Had Sub Saharan African been more advanced, at a higher level of socio-economic development, it cold have better defended itself against being colonized. East Asia, countries like China, Korea, and Japan, were not colonized by Europeans, precisely because they were more developed. Ethiopia, which has one of the oldest civilizations in Africa, was not successfully colonized by Europeans for the same reason, it had a longer history of development, writing, and existence as a nation state than other Sub Saharan African countries. It was precisely because Sub Sahara Africa was so far behind developmentally that the Europeans were able to colonize it. Once Sub Sahara Africa developed even just a little, the Europeans were not able to hold the territory. So in light of that fact, the question as to why most of Sub Sahara was not as developed is a pertinent question to ask.
 
Sep 2014
698
Texas
#6
I have often wondered why the birth place of humanity stayed in the Neolithic Age while the rest of the world exploded with creativity.

And you can't blame slavery. Every civilization has had and been slaves. Portugal was a prime Target for Arab slavery and then got into the slave trade itself.
 
Aug 2011
83
The Castle Anthrax
#7
A lot of these threads pop up about most/least advanced, overrated/underrated, etc. that really are not able to be answered objectively. It all depends on the metric. I am inclined to think that Sub Saharan civilizations and similar were indeed on to something compared to modern contemporary western civilization in light of the prevalence of and rising rates of depression, diabetes, and suicide, to name a few measures for quality of life. I'm not representing that I would prefer an ancient Sub Saharan way of life, merely that there are other measures for success or advancement.
 
Likes: bboomer
Oct 2011
3,738
the middle ground
#8
General answers to a broad question:

Relatively few areas where rainfall and soil make for long-term dependable "breadbasket agriculture" (lots of desert, rain forest, and dry grassland though)
Relative isolation from the Eurasian "mainstream"
Cattle domestication in selected areas but no horses in the tsetse fly zone, few other beasts of burden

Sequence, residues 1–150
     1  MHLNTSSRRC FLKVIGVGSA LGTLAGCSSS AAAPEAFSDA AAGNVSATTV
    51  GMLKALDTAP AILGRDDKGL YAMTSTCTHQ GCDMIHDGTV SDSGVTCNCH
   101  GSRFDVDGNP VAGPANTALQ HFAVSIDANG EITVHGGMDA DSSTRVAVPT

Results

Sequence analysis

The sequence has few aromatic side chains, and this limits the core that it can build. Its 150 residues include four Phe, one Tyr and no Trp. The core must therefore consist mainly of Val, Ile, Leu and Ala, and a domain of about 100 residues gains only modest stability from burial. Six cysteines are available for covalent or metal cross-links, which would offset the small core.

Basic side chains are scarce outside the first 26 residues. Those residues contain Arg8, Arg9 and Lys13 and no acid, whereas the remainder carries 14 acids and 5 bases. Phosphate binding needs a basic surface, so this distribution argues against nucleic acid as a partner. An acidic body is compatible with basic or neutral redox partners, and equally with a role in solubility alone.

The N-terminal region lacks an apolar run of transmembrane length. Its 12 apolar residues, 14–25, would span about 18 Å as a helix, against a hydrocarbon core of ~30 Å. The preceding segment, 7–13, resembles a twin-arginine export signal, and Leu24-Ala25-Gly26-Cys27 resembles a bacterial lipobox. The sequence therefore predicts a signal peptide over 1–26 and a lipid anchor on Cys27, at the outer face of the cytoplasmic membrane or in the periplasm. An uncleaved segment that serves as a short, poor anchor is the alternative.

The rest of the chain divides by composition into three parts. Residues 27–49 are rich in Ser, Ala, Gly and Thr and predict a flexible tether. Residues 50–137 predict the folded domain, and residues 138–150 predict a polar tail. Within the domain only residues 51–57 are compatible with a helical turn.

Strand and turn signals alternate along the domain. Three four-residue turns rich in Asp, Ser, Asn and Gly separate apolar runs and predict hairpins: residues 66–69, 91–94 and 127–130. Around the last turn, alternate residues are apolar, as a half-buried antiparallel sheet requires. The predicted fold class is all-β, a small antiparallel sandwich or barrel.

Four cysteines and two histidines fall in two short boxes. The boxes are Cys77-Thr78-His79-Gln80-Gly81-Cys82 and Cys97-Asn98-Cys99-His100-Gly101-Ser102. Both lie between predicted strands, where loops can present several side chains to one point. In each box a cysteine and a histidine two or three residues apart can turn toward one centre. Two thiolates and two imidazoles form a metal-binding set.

Low population density
Smaller, more self-sufficient communities
Nomadic lifestyles remaining most sensible survival strategies in many places

And where there was a major navigable river (and tributary system), relatively easier communications, relatively dependable land for growing millet and other staples, etc., you find the most concentrated populations, the cities, trading networks, and the larger states that everyone knows about.
Lack of writing implies administrative structures were relatively less complex and that oral tradition and art (in modern perspective unfortunately perishable) sufficed.
 
#9
I have often wondered why the birth place of humanity stayed in the Neolithic Age while the rest of the world exploded with creativity.

And you can't blame slavery. Every civilization has had and been slaves. Portugal was a prime Target for Arab slavery and then got into the slave trade itself.
Well, “stayed in the Neolithic age” is a bit of an oversimplification. There were a few examples of African civilization, especially around what today is Ethiopia.

(Yes, Carthage and Egypt are technically in Africa, but for obvious reasons don’t count.)

But to discuss your premise, I would assume that it’s a matter of geography and biology with a dash of cultural reasons.

It’s rather a taboo in the west to discuss the heritability of intelligence and creativity. But given that:

A: Intelligence is known to be the result of both nature and nurture, and:

B: We already know that particular physiological traits have a regional/racial distribution.*

It’s only logical to assume that this has also played a role.

We will (as always) know more in the upcoming decade. The taboo of the heritability of IQ doesn’t seem to apply in China, where most of the research along those lines is done today.



*Look for example at running. Where do most medal winning marathon runners come from? East Africa. Short distance running is totally dominated by people with a West African heritage. An important factor for that dominance can be found in heritability and genetics.
 
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deaf tuner

Ad Honoris
Oct 2013
12,948
Europix
#10
The Turks colonized a lot of southeastern Europe, and
No, Ottomans didn't colonised a lot of Southeastern Europe. As a matter of fact, in respect to the length of the continuous occupation of territories South Danube, Ottomans are rather on the "exceptionally low rate" side.
 
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Likes: bedb